The collections of the State Archives provide a wealth of material concerning women’s suffrage, from letters and broadsides to the correspondence of state and local officials. Narrowing those choices down to the ten items on display proved difficult, but the items selected allow for a glance at several important documents and themes.

Visitors will also see a facsimile of the 19th Amendment, specifically the cover page sent by the U.S. Secretary of State to the N.C. Secretary of State which includes an official seal. The amendment arrived in North Carolina’s hands in 1919 and the General Assembly first considered it in 1920. However, legislators did not hold an up-or-down vote on the amendment in 1920; historians agree that the amendment would likely have lost the vote based on the legislators’ stated positions. On August 18, 1920, Tennessee narrowly voted for the 19th Amendment, making women’s suffrage the law of the land nationwide. North Carolina did not ultimately ratify the 19th Amendment until 1971 under Governor Bob Scott. The only state to ratify it after North Carolina was Mississippi in 1984.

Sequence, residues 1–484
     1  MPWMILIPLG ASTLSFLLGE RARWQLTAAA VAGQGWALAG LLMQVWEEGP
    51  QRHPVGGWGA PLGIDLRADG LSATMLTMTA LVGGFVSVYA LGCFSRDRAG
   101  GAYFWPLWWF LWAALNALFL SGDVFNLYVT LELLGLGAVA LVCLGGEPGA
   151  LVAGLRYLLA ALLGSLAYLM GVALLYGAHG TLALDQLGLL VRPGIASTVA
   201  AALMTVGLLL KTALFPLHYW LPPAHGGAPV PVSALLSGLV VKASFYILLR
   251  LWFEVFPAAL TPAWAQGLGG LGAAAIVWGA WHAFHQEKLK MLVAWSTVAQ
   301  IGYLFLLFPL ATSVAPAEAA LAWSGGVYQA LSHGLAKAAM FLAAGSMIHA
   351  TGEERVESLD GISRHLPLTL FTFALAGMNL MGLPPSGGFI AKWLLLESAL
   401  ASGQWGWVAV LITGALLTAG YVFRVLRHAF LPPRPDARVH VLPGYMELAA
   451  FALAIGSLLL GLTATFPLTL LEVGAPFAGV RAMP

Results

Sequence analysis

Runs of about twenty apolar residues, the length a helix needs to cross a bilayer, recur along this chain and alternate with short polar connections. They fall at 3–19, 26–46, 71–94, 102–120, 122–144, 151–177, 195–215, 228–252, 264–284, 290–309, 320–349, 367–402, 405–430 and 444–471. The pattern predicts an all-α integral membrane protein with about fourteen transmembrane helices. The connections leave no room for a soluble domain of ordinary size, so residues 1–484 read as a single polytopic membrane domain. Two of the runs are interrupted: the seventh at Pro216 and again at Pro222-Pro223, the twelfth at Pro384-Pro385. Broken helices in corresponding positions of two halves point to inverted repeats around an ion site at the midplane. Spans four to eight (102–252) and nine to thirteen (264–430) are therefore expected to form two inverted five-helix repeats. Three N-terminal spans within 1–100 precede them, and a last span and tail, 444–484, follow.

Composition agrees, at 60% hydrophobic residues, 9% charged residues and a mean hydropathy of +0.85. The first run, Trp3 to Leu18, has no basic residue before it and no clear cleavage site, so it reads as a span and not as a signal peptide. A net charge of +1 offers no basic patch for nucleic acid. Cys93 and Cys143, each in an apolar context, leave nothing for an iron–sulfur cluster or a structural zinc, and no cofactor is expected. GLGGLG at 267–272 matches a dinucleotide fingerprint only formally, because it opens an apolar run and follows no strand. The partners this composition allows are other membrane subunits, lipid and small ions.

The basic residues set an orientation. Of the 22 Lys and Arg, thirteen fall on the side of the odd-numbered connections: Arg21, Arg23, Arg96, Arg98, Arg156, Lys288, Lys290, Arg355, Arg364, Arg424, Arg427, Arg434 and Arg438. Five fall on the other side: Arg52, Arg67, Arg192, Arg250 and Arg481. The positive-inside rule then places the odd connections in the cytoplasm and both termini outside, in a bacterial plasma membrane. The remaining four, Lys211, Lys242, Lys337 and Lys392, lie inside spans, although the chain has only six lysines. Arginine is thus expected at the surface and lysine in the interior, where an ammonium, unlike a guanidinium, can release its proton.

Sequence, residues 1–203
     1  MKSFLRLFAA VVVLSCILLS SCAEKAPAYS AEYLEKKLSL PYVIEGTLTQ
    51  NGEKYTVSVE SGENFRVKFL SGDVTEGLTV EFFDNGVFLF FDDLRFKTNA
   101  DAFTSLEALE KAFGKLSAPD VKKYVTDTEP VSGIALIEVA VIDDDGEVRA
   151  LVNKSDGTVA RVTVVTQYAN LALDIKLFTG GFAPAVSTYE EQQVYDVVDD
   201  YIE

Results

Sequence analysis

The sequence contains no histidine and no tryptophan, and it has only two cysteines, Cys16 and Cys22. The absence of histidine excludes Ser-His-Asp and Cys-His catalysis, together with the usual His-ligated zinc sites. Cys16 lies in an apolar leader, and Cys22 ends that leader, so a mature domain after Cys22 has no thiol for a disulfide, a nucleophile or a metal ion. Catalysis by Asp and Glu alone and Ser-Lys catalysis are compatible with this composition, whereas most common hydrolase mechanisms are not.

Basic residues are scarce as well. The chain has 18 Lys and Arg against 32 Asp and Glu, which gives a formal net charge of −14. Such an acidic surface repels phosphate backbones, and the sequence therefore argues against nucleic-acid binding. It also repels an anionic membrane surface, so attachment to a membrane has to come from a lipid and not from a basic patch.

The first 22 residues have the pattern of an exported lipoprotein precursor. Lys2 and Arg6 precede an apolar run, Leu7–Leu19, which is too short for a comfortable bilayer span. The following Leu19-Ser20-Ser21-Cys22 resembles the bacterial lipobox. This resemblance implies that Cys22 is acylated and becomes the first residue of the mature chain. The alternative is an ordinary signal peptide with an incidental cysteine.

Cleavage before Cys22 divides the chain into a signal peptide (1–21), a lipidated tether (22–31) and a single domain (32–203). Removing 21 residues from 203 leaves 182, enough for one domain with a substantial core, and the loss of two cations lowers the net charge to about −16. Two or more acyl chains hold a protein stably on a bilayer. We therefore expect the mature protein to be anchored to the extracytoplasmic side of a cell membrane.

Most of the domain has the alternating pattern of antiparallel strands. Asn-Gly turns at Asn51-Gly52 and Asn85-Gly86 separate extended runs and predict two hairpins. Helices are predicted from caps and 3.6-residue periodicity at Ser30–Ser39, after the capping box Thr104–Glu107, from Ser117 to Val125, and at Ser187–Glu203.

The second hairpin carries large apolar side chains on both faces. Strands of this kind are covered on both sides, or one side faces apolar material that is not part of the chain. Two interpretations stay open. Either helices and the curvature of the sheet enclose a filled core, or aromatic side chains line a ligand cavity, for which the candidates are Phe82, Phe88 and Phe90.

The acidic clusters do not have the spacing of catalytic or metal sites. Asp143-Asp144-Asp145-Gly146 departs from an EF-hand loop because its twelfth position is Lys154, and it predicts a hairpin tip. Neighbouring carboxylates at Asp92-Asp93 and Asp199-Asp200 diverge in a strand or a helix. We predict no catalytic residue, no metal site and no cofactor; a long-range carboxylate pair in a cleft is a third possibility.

Letter from Josephus Daniels to Gertrude Weil, Feb. 12, 1920

Letter from Josephus Daniels to Gertrude Weil, Feb. 12, 1920, Gertrude Weil Papers (PC.1488), State Archives of North Carolina

Visitors will also get a chance to look at the amount of work and dedication needed to make women’s suffrage a reality. Gertrude Weil’s personal efforts are on display through an organizational pamphlet where she was elected as an officer and through correspondence with Secretary of the Navy Josephus Daniels to promote the cause. Photographs show women in a campaign office as well as at a public gathering wearing sashes for equality. “The Suffragist’s Calendar: A Year-book for Thinking Women” is a day-planner with helpful tips for political organization. Finally, the exhibit includes a letter from the leaders of two organizations asking for unity as women fought for the shared goal of the vote.